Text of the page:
A few minutes passed when I spotted a movement, again behind me. It was a young 4-pointer still in velvet walking behind the doe box no more than 30-40m away. Wind was not in favour this morning and he soon was alert as the 6-pointer earlier, but being young he was not that quick to run away a paused a few times giving me a chance to take the shot.

He was slightly quartering at maybe 120m when I pulled the trigger. I saw the bullet strike and that he was running away towards me with one of the legs clearly dysfunctioned. By the time I texted my mate he already gralloched his buck and was with me in a few minutes.

Video

180gr Speer SPBT and meat damage

I was keen to try my new reloads on roe deer. I thought they could be a good choice on both roe and reds and despite the fact they made a bit of a mess to try them again. The fact is any bullet that goes through the shoulder would make a bit of a mess. Because the bullet went through both shoulders it left significant meat damage, but it was my fault in the first place, as the shot should have been a bit further back, but due to the position the buck was in, it would have clipped the other shoulder on exit anyway… I will give these Speer bullets another chance to see how they perform in more typical broadside through the ribs shots…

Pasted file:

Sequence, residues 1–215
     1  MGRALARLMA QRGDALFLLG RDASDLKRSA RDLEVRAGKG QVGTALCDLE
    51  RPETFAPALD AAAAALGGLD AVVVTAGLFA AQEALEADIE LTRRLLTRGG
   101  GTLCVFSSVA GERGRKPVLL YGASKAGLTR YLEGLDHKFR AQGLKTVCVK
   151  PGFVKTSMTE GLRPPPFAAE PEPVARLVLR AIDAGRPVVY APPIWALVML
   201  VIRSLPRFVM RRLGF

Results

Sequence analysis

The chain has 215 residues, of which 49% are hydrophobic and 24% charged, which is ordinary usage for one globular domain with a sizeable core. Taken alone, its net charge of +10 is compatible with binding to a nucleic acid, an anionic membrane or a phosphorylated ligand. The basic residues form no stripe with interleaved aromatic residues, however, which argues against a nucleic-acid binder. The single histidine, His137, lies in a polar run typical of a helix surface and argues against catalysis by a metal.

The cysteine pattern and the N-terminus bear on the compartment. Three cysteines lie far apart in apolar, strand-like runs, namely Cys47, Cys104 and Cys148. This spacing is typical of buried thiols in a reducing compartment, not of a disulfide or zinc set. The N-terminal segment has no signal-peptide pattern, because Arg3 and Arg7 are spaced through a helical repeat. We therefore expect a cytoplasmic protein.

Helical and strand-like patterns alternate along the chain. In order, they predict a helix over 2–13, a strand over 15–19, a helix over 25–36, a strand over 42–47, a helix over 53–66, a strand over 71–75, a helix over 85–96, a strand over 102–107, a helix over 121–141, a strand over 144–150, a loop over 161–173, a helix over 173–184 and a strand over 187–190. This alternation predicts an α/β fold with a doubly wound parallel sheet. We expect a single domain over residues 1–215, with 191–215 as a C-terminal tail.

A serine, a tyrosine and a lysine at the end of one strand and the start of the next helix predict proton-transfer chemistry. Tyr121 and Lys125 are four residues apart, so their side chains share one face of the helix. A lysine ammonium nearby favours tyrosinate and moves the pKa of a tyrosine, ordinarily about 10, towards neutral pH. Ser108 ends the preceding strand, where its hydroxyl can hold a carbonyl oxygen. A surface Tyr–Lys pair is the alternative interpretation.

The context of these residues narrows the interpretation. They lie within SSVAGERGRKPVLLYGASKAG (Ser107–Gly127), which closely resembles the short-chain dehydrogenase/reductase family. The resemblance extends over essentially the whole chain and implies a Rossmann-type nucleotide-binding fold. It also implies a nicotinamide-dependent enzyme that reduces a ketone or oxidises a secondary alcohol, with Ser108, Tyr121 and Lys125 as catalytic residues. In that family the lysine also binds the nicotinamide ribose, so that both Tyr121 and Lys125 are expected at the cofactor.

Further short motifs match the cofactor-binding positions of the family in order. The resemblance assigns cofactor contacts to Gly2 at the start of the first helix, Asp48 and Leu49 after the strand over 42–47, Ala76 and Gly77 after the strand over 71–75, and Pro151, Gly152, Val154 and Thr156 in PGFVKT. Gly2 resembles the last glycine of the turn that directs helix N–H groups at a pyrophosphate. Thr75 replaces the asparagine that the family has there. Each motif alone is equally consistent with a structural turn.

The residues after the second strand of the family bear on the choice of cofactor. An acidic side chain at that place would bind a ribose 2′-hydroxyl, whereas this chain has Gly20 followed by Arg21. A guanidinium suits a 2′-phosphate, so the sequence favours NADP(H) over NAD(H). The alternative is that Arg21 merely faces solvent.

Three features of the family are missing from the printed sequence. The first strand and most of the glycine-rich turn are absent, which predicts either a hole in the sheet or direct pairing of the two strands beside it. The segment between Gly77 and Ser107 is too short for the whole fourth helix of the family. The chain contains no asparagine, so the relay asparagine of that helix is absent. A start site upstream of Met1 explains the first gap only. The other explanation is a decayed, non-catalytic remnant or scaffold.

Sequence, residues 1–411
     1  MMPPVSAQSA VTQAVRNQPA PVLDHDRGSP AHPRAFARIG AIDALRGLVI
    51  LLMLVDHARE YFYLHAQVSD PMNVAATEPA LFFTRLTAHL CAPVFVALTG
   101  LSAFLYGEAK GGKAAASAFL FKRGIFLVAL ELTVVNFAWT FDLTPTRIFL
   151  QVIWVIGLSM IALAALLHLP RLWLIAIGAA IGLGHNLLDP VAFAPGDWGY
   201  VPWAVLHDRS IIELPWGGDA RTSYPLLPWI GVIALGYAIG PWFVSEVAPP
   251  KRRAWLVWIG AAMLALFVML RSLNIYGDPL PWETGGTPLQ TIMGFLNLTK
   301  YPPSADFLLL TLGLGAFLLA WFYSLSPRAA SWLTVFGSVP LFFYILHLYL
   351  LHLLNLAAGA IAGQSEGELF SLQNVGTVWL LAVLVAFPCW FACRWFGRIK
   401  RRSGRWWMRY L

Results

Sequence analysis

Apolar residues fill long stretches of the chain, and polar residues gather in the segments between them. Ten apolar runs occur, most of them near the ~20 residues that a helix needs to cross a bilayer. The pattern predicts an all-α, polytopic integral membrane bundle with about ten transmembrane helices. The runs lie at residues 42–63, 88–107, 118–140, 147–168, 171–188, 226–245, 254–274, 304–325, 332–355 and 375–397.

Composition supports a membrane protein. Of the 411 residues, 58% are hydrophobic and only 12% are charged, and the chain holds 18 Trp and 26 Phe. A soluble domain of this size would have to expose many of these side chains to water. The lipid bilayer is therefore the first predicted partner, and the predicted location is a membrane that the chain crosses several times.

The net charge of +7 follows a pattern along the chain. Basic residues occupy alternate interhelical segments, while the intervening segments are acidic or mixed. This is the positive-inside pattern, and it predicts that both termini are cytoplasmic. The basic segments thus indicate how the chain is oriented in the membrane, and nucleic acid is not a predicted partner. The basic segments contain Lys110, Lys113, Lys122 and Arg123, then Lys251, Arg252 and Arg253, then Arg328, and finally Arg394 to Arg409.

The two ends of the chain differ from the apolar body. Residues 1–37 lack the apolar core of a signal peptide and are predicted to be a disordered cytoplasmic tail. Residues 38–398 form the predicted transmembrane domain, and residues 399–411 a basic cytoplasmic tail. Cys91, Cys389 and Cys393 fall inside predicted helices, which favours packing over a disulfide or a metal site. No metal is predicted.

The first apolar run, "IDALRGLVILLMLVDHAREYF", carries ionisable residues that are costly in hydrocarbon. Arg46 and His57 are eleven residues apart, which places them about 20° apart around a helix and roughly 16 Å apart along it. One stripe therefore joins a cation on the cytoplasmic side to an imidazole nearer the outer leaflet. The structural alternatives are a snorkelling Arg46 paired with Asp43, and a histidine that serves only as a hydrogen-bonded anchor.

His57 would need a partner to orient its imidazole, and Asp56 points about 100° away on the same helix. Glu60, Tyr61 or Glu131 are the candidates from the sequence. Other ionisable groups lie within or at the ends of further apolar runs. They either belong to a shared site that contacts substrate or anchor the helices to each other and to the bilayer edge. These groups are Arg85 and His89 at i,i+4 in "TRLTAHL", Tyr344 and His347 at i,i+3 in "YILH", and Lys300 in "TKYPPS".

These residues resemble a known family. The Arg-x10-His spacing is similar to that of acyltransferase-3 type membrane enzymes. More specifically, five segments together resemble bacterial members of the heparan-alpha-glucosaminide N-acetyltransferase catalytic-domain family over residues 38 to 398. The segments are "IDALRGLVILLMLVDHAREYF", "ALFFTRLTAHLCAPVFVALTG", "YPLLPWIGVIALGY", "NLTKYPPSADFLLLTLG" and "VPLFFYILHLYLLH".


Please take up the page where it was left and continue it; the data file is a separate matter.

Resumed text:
It was a nice buck weight 31lb clean (14kg) and missing one leg as it was nearly shot off… Very good weight for a yearling, and I would be happy our forestry roe at that age to fetch 10-11kg, but they often are not even that…

Aging roe deer

This is a good example showing aging live deer is not as straight forward as some may think. Shooting a buck kid last month and uploading it on YouTube prompted a few people to accuse me of shooting bucks out of season. (To clarify it is perfectly legal to shoot male kid when a doe has been or is about to be shot in Scotland. I was not sure how it was in England and Wales, but after many told me it was illegal, it prompted me to have a look for myself. The Regulatory Reform Order (Deer) 2007 (England and Wales) amended Deer Act 2001 and since 2007 some changes were introduced. Roe doe season was extended, muntjac and CWD could be shot with .223 and such, and… it allowed shooting male roe kids in doe season with very similar wording as in Scottish deer law…)

I knew it was a young buck before I pulled the trigger and had not much time to look at it properly, but would have said it was a 2-years old, not a yearling. On further inspection it looked like a 2-years old being heavier and in better condition than the obvious yearling my mate just shot. Side by side they looked like younger and older brothers, but when I looked at his teeth, it was a yearling after all!

When I shot the buck kid a month earlier we could see he was a part of the trio of a doe and two kids. A nice kid, but not a yearling. This is how he would have looked like in April…